Schools should open their doors to all: iLIVE
The admission of children to schools remains a contentious issue that often pits the government against principals and school governing bodies.
This is despite the serious transformation of public schools, especially at basic education level, since 1994, which has arguably surpassed many other sectors of society.
Still we hear or read about a governing body or school that is taking the government to court, accusing authorities of interfering with school matters that should be the mandate of the governing body.
On the other hand, parents often accuse schools and governing bodies of trying to prevent the enrolment of pupils under the pretext that the school is full or the child does not reside in the feeder area.
The recent case of the education authorities and the Rivonia Primary School highlights this challenge.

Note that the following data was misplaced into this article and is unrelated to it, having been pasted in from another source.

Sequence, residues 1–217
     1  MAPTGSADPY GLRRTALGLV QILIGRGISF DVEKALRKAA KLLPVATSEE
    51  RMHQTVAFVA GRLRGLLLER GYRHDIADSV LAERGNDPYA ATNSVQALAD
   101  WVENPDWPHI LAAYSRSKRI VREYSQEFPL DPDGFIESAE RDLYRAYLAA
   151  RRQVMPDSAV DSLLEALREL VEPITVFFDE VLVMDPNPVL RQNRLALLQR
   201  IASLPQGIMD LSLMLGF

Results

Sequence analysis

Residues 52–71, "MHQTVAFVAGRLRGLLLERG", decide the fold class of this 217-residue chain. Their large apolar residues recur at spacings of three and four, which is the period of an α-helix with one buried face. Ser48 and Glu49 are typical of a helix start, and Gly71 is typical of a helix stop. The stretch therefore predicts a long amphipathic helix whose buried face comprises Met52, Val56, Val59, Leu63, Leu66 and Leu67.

There is a problem of rapid development of new homes across Gauteng. Wherever these developments mushroom, there are usually no schools and clinics.
This puts pressure on existing schools.
Education authorities, municipalities and the provincial and national governments need to force developers to provide all the basics such as schools.
The Schools Act says all stakeholders in education must accept responsibility for the organisation of schools and points out that parents and members of local communities are often in the best position to know what a school really needs and what its problems are.
Having said this, the law does not sanction discrimination of children on the basis of neighbourhoods in which they live.
Schools should be opened to all because failure to do that could result in an "us" and "them" mentality.
We can only feel part of one society if our children are allowed to go to the same schools.
Right now, most parents spend heavily on transporting their children to schools far from where they live.